Concept and Objectives:

“The RECEPT project will deliver upstream aerodynamics research that will contribute (i) to the drive to strengthen the competitiveness of European manufacturing industry, (ii) to the need to improve the environmental impact of aircraft with regards to emissions.

Within the RECEPT project, knowledge about transition phenomena and theoretical/numerical tools obtained during the last 50 years since the eN method was proposed, are used to develop the next generation transition prediction methods. The new method will be an amplitude-based prediction method incorporating true effects of the disturbance environment of the incoming flow, the so called receptivity process, as well as knowledge about actual amplitudes at which disturbances breakdown to turbulence. This will largely remove the need for empirical correlations and render possible accurate prediction of the onset of transition both under wind tunnel and free-flight conditions.

Proposed research activities within RECEPT project will also contribute to design of more advanced transition control devices. Consequently, it will contribute to achieving the objectives for technology readiness to reduce fuel consumption and hence emissions. It directly addresses the topic of AAT.2010.1.1.1, AAT.2010.4.1.1 and AAT.2010.4.2.1.

The RECEPT consortium consists of 12 organisations from 4 different member states (Sweden, Italy, France Germany) and one of International Cooperation Partner Countries, Russia. It contains 3 aircraft manufacturers (Airbus, SAAB, Piaggio), 5 research organisations (CIRA, DLR, FOI, ITAM, ONERA) and 4 universities (Kungliga Teknika Högskolan, Università di Genova, Università di Salerno, Universität Stuttgart). Participation of industry will directly transfer the new knowledge and greatly improved method to the more applied work to be performed within the Joint Technology Initiative – Clean Sky.”

RECEPT Results in brief:

Advanced tools to predict turbulent flow

Understanding the origins of turbulent flow remains an important challenge in fluid mechanics. An EU-funded project is developing accurate computational tools that should increase capabilities for designing aircraft with natural laminar wings.


Growth of unstable disturbances, like those developing on an aircraft wing, largely accounts for the transition to turbulence in boundary layers. The most frequently used transition-prediction method in aeronautics is the so-called eN method. The idea of this approach is that transition occurs when the amplitude of the perturbations has been amplified by a factor equal to eN. This is independent of the actual magnitude of the initial disturbances.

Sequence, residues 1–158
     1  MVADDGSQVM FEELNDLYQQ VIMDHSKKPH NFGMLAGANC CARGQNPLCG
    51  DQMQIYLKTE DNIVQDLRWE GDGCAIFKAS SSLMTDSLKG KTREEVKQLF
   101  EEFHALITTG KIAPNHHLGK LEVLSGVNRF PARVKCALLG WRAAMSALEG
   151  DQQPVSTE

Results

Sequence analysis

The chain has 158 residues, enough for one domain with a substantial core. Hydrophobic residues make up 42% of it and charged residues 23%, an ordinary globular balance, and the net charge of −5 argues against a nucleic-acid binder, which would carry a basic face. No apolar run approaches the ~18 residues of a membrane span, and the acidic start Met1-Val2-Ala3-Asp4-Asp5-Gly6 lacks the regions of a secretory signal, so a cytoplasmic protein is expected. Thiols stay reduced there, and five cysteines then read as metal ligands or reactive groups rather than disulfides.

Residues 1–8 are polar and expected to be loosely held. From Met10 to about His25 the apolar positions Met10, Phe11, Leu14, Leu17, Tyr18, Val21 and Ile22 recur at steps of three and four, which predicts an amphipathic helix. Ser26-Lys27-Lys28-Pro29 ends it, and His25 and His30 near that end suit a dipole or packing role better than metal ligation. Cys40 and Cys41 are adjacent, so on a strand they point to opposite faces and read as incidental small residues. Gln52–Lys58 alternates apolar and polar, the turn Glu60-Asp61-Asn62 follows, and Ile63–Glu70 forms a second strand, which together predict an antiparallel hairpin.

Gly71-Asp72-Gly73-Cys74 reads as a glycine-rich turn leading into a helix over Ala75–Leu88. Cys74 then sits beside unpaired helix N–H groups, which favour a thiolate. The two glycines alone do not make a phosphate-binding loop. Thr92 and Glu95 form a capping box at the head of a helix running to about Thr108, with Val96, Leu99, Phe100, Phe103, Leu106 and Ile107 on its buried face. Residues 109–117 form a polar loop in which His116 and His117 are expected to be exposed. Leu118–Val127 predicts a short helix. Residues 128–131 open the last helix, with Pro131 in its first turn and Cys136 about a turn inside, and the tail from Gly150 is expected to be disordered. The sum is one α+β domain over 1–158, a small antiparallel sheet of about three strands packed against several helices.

Using transition-prediction methods developed over the last 50 years, the initial linear amplification and the non-linear stage of growth of these perturbations can now be accurately estimated. However, accurate initial conditions for the amplified waves need to be provided to correctly predict the onset of transition.

The EU-funded project RECEPT (Receptivity and amplitude-based transition prediction) is developing next-generation transition-prediction methods by adopting an amplitude-based method. Project work is eliminating the need for empirical relations, rendering possible accurate prediction of the onset of transition. This has direct impact on flight performance both under wind tunnel and, more importantly, free-flight conditions.

Project work has involved experiments to investigate the receptivity of 3D boundary layer flows to external vortical perturbations. These were performed in a quiet wind tunnel with controlled external perturbations and surface roughness quality. Numerical approaches served to replicate the physics approached experimentally. Methods and numerical tools with different complexity and approximation levels helped to address the problem. Direct numerical simulations of cross-flow transition on a swept wing provided specific detailed information.

Incorporating substantially more physics into the transition-prediction methods will generate a leap in performance and reliability. Project activities will thus result in more accurate and reliable tools for transition prediction.

Project activities are paving the way to design of more advanced laminar flow control devices. As a result, RECEPT will contribute to achieving objectives related to technology readiness, lowering fuel consumption and, hence, reduced harmful emissions.

Public Documents

RECEPT Final report

Open Access

Stabilization of a swept-wing boundary layer by distributed roughness elements
Hosseini, Seyed M.; Tempelmann, David; Hanifi, Ardeshir; Henningson, Dan S.